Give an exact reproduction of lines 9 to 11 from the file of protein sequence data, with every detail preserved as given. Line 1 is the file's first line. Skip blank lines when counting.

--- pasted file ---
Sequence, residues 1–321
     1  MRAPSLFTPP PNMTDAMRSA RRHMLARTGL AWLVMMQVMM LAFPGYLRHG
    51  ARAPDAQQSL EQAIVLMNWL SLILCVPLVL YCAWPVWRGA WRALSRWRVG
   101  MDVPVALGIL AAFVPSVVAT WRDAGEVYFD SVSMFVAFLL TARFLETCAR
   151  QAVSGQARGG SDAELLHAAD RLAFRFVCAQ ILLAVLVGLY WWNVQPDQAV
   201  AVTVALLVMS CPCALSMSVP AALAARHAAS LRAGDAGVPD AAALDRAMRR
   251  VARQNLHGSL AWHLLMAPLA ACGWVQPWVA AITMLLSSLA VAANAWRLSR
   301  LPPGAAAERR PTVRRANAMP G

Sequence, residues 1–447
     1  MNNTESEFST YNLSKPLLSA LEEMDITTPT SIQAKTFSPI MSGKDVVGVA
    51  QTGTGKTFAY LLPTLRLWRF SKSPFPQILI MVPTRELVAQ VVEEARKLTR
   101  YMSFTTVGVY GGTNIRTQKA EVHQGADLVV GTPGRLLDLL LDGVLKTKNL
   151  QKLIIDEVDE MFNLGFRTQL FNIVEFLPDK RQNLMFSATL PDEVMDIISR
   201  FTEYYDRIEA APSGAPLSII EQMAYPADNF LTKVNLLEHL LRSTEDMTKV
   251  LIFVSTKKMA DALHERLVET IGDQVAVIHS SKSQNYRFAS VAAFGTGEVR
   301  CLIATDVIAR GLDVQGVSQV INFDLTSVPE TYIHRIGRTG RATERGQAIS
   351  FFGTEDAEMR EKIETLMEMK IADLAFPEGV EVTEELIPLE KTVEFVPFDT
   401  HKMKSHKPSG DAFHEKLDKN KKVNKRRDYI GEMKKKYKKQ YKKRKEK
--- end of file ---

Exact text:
Sequence, residues 1–447
     1  MNNTESEFST YNLSKPLLSA LEEMDITTPT SIQAKTFSPI MSGKDVVGVA
    51  QTGTGKTFAY LLPTLRLWRF SKSPFPQILI MVPTRELVAQ VVEEARKLTR